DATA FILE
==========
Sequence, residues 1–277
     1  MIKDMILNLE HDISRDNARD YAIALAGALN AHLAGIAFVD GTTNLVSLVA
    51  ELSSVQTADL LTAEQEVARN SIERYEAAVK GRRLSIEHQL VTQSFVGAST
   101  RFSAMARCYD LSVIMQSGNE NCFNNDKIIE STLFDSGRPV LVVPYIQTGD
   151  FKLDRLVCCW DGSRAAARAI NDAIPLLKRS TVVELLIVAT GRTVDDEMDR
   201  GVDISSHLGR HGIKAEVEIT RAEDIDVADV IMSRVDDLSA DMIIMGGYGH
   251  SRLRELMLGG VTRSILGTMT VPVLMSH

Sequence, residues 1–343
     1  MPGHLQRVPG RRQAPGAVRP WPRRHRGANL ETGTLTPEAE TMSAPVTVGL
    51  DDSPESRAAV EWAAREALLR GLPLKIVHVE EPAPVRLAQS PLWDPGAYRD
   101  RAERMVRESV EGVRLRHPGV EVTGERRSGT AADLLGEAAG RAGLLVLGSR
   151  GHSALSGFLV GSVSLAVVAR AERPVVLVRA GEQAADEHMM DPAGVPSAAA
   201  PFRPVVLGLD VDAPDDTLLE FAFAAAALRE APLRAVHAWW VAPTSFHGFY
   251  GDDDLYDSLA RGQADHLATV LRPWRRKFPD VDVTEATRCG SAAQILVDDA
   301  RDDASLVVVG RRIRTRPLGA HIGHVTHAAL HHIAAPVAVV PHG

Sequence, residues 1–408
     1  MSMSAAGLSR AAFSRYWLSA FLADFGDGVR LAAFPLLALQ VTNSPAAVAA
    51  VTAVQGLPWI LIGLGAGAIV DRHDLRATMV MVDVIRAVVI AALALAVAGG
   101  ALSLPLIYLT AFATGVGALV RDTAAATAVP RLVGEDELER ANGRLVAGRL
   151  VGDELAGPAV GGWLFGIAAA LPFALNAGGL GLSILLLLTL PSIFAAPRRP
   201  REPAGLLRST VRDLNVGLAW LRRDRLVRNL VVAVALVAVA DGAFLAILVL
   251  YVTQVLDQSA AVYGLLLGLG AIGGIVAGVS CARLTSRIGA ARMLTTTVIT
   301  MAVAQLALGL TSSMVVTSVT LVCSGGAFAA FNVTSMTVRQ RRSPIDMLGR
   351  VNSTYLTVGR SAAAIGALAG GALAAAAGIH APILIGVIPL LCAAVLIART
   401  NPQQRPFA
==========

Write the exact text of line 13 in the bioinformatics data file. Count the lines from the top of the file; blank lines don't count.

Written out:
   201  PFRPVVLGLD VDAPDDTLLE FAFAAAALRE APLRAVHAWW VAPTSFHGFY